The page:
The middle of the figure indicates that these human needs are met by means of a large array of industrial, agricultural, and energy technologies and practices. Although there are a multitude of inputs and outputs associated with humankind's "Technologies and Practices," the major threats to long term sustainability for an advanced level of civilization are shown on the figure: fossil fuel, mineral and water depletion and the emissions of CO2 and other greenhouse gases. Although air, water, and waste contamination are serious deleterious products of our current consumer oriented infrastructure, there appears to be a reasonable chance that we can modify our industrial infrastructure to maintain a tolerable impact of these contaminants over the long term. The U.S., EU, and Japan have been able keep such impacts at close to tolerable levels despite population (in the U.S.) and industrial growth in recent decades. That is why these impacts are shown in a dashed line format.

On the right hand side of the figure is a listing of key impacts to the Earth associated with the technology and practices currently used to meet human needs. As indicated by the red return arrows, climate change has the potential to exacerbate global impacts associated with non-energy related technologies and practices. Ocean and forest degradation are examples of such amplification. Climate change can also yield unique impacts, e.g., infrastructure damage, due to seawater rise and storm damage. As indicated by the return flow at the bottom of the graphic, in a business as usual scenario, these impacts will challenge the ability of humanity to meet its needs over the long term, challenging long-term sustainability.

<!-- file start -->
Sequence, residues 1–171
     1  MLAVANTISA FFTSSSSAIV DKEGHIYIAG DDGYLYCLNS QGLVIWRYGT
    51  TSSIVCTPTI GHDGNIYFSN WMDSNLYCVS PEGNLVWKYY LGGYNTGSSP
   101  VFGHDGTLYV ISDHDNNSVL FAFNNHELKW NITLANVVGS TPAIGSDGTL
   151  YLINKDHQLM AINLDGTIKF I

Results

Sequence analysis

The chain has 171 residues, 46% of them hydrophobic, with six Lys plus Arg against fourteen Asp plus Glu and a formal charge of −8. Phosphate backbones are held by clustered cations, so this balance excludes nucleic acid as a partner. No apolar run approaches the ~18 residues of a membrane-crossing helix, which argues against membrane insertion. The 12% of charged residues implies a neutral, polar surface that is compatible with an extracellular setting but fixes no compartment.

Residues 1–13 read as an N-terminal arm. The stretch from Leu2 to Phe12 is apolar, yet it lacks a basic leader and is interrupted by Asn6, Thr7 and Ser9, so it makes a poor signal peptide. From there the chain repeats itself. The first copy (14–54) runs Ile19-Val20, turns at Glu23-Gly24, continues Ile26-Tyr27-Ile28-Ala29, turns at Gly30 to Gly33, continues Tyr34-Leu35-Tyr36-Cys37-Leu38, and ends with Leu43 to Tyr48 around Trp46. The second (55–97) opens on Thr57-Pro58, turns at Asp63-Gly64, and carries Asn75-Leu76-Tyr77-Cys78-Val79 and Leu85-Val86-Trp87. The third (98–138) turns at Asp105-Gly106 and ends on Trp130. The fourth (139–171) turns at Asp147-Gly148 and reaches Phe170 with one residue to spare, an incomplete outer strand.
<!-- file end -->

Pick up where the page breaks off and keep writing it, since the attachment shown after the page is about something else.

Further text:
So what are the potential remedies? The figure suggests the following mitigative possibilities. First, humanity could downscale its "needs" to reduce the demand on technology with its associated environmental impacts. Examples would include a transition to smaller houses, more mass transit and fewer cars, and a modification of our resource intensive diets. To the extent we scale back our needs; we cut back on resource depletion, reduce greenhouse gas emissions, and also reduce the impact associated with other environmental impacts, such as air and water pollution and ocean and forest degradation. Second, humanity could consider a move toward population stabilization. Third, we could fundamentally change the technology we use to meet our needs. This can be achieved by a major transition to: low carbon energy production, more efficient end use technologies, pollution prevention (green chemistry), and renewables and reuse/recycling. The net effect is to dramatically minimize environmental impact per unit of production.

A holistic view of long-term sustainability cannot ignore our ever-growing demands on fossil fuels, water, and other finite geological resources. To the extent we back off on "need" requirements or slow population growth, we slow depletion of these critical resources. To the extent we rely on technology to help achieve long term sustainability, we must account for the resource depletion characteristics of such technologies, if we are to have a chance of achieving long term sustainability.

The balance of this chapter will focus on the third option, applied more narrowly to energy production and use, with the aim of mitigating climate change and its potential to yield planetary impacts inconsistent with long-term sustainability.

The primary focus of this and subsequent chapters will be on the mitigation of CO2, since it is estimated to be responsible for about 80% of the radiative forcing responsible for global warming.